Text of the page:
I found an especially warm description of him written in April 2003 by the distinguished New Testament scholar E.P. Sanders, who held professorial chairs in Oxford, Cambridge and Duke universities at various times: "In the fall of 1968, my beloved friend and teacher, Mordechai Kamrat, took me as a student again. Kamrat was one of the two most remarkable people I have ever known; the other was David Daube, with whom I had had numerous discussions in Oxford during 1962-63. Kamrat knew all languages. I once heard him converse in Danish, and once he and I watched a TV program from Cyprus and he translated, though he had never been in a Greek-speaking country. And he could teach anyone anything... he figured out how to teach Hebrew to immigrants from anywhere. He taught me modern Hebrew and rabbinics in the same way, inductively, with drill."
(Note: David Daube was professor of law in Oxford. He was a world authority on Roman and Biblical law, whom I had the privilege of meeting on several occasions before he moved in 1970 to California to escape the damp Oxford climate which was exacerbating his chest problems. He was a man of profound wisdom and great kindness. He died in 1999 at the age of 90.)
Kamrat was fueled with Zionist spirit when he arrived in Israel and soon joined the Hagana, where as a commander in the War of Independence he found himself in charge of troops who came straight off boats and onto the battlefield. Here he was forced to translate military orders into a panoply of languages. It was this experience that made him realize that special schools would be needed in the new state to provide intensive immersion in the language and also a common cultural experience.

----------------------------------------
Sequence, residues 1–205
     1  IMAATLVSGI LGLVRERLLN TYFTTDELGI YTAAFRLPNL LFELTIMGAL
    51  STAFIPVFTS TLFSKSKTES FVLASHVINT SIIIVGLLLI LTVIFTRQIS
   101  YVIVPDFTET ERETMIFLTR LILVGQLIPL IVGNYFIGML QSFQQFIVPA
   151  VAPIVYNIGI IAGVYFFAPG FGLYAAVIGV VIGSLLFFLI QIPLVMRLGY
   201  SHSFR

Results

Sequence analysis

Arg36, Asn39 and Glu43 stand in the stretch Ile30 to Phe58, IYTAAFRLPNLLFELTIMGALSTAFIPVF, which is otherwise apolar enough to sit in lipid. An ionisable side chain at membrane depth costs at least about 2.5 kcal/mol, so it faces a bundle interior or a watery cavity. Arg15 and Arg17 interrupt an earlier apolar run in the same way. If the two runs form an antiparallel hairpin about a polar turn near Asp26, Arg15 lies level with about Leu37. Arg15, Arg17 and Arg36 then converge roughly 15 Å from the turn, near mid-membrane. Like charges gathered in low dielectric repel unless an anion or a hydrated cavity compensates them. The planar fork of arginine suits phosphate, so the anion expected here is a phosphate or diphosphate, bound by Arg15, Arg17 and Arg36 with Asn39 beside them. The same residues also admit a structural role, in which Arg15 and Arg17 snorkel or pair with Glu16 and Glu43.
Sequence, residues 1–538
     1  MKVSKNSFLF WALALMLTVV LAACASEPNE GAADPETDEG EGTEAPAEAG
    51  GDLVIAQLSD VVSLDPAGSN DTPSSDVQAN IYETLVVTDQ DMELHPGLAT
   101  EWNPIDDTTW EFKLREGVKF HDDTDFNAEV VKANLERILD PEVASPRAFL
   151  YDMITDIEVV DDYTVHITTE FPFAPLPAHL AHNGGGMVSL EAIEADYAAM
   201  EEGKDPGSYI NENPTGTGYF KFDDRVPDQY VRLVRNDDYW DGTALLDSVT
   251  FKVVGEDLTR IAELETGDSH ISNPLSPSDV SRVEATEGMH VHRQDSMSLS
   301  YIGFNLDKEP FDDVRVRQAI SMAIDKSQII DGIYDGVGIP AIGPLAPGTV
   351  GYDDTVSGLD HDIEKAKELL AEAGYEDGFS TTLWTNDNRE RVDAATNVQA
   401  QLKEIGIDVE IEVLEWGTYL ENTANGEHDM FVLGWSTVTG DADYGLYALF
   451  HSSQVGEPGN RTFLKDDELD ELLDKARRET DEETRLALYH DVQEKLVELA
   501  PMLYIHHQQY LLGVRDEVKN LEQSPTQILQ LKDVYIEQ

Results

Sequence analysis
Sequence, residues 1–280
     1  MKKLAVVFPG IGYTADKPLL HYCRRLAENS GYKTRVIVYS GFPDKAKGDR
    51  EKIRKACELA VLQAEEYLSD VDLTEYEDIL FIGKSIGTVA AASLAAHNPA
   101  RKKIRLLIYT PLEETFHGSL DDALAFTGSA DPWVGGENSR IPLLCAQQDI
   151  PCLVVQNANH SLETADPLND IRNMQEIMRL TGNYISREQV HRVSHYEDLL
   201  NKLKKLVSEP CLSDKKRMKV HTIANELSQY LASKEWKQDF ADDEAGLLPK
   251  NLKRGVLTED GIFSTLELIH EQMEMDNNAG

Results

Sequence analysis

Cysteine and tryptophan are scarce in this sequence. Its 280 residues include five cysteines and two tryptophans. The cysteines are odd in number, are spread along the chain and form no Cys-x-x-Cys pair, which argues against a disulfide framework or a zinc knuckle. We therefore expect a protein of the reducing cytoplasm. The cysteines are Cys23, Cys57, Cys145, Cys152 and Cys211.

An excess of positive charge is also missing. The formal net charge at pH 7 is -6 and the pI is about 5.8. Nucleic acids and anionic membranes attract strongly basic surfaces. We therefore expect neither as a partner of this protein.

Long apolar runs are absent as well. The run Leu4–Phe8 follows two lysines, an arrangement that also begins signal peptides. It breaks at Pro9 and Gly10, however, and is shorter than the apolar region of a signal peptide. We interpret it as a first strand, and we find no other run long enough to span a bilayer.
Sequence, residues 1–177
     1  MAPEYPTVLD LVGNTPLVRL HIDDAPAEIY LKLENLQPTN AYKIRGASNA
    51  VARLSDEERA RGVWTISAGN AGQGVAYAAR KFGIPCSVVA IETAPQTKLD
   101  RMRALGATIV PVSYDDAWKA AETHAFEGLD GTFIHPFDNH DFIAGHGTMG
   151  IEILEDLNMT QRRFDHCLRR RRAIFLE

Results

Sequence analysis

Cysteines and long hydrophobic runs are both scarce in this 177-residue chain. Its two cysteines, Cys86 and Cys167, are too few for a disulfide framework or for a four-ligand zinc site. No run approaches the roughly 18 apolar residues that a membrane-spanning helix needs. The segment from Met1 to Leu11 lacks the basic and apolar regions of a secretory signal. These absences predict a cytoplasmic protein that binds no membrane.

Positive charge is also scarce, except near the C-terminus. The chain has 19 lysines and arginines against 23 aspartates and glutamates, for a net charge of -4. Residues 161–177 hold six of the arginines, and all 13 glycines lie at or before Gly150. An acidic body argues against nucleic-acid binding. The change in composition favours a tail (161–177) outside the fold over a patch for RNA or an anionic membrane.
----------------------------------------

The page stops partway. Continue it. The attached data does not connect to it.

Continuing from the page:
In cooperation with the newly formed Ministry of Education, and with the support and invaluable contribution of colleagues such as educator Nahum Levin, Kamrat set up Ulpan Etzion in Jerusalem.
Here he established the first ulpan in the world, a model not only for the 220 ulpanim that now exist in Israel, but also for the methods used in the revival of Catalan, and the foundation of the Welsh Ulpan, or Wlpan in Welsh spelling.
His daughter clearly remembers the man in green jeans who repeatedly visited from Wales and followed her father around, learning Hebrew in the process. Mr. Green Jeans, as she knew him, then transplanted the whole ulpan concept to Wales where the Welsh Nationalists were determined to stem the decline of the Welsh language.
As in Israel, they set up intensive courses for instructing teachers. They integrated culture into the syllabus and rigorously taught grammatical structures in an atmosphere of total immersion.
But Kamrat did more than design a system for language instruction; he imbued it with his concept of Zionism, one that excluded political bias and respected the separation of religion and state. His was a Zionism grounded in "respect for the other" - what he recognized as a fundamental tenet of Judaism.
It was these principles that he also weaved through the curriculum he established in the "Sunday school" system he set up in New York City in 1958-60. It is this system that countless children throughout the United States have passed through, gaining their first introduction to the Bible and Hebrew.
In Israel, since the founding of the state, over 1.25 million immigrants have shared and been shaped by the ulpan experience - a remarkable tribute to the vision and commitment of Mordechai Kamrat.
And the truth is I can't wait to get back into ulpan and continue my journey of becoming more fully integrated into my homeland.